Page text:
Owning and charging an electric vehicle is set to become more convenient than ever thanks to an additional £2.5 million to fund the installation of over 1,000 new chargepoints, Transport Secretary Grant Shapps announced today.
The funding will support the on-street residential chargepoint scheme, launched in 2017, which helps people access charging infrastructure near their homes when they don’t have off-street parking. It will go towards helping local authorities to install these chargepoints, which can be built into existing structures like lamp-posts. The scheme aims to encourage even more people to choose an electric vehicle by making it easier to charge their cars near home, following a 158% increase in battery electric vehicle sales compared to July last year.
The scheme has already seen 16 local authorities prepared to install 1,200 chargepoints this year. The Transport Secretary is now doubling funding for the popular scheme to meet demand and accelerate the take-up of electric vehicles as the UK moves towards net zero emissions by 2050 and further improve air quality.
Transport Secretary Grant Shapps said: “It’s fantastic that there are now more than 20,000 publicly accessible chargepoints and double the number of electric vehicle chargepoints than petrol stations, but we want to do much more.
“It’s vital that electric vehicle drivers feel confident about the availability of chargepoints near their homes, and that charging an electric car is seen as easy as plugging in a smartphone.
“That’s why we are now doubling the funding available for local authorities to continue building the infrastructure we need to super-charge the zero emission revolution – right across the country.”
The allocation of funding for on-street residential chargepoints is part of the £1.5bn investment underpinned by the Road to Zero Strategy. The strategy consists of one of the most comprehensive packages of support for the transition to zero emission vehicles in the world, supporting the move towards a cleaner, greener, accessible and reliable UK transport network.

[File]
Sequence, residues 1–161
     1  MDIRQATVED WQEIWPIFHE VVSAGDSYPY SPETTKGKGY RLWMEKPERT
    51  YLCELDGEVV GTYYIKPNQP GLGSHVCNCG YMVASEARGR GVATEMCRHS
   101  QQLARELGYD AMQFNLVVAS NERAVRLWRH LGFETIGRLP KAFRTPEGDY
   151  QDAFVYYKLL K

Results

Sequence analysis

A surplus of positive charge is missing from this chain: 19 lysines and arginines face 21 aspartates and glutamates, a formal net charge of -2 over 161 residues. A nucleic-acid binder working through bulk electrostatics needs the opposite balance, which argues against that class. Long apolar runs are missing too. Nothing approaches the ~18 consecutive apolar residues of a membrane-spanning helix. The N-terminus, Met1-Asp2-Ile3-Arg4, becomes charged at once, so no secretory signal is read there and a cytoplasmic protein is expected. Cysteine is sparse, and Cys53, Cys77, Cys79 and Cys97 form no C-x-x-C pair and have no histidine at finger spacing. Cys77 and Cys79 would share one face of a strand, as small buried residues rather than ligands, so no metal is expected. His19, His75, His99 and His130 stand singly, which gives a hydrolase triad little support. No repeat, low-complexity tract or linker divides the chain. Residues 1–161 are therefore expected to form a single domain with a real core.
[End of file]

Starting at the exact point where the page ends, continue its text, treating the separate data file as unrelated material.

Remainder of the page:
As part of this, the Government is also investing £37m into British engineering to develop electric chargepoint infrastructure that could rapidly expand the UK chargepoint network for people without off-street parking and put the UK on the map as the best place in the world to own an electric vehicle.
Innovations to receive investment include underground charging systems, solar powered charging forecourts and wireless charging projects. Much like current mobile phone technology, wireless charging could mean an end to needing to plug your electric vehicle in.
Commenting on the Department for Transports announcement to double funding for on-street electric car charging, Jack Cousens, head of roads policy for the AA says; “The success of the UK’s EV revolution hinges on access to charging infrastructure and many neighbourhoods so far feel disconnected. This announcement is therefore very welcome news but there is still a long way to go.
“One of the largest hurdles for prospective electric vehicle owners is charging at home when they do not have an allocated parking space.
“Considering there are more than 400 local authorities across the UK*, only 4% of them have installed on-street charging in residential areas.
“If we are going to meet the Road to Zero targets, councils and central Government will need to do more to help ease the transition for drivers and dispel their fears of not finding somewhere to charge.”
Sebastian Speight, Managing Director of Infrastructure at Ingenious, said: “There is a justifiable concern about the drag on the adoption of electric vehicles in the UK due to the limits on the speed of rolling out the associated charging infrastructure. There are currently a number of market participants developing and implementing strategies for rolling out charging infrastructure but there is also a reasonable degree of uncertainty about the future patterns of consumer behaviour which creates a level of risk in these business models which has a closer fit with strategic or venture capital rather than more traditional infrastructure capital. These uncertainties are around the technology type (AC versus DC), charging location and fear of stranded assets and convergence of operating systems. A closer involvement from public stakeholders should enable greater visibility on these risks and increase the availability of private capital.”
Ian Johnston, CEO of Engenie, rapid charging providers has provided the following comment: “The government’s investment in on-street charging is an important step in increasing the uptake of electric vehicles. This move complements the substantial private investment in thousands of public-access chargers at locations such as pubs, supermarkets and retail parks which is essential for those without access to off-street charging.”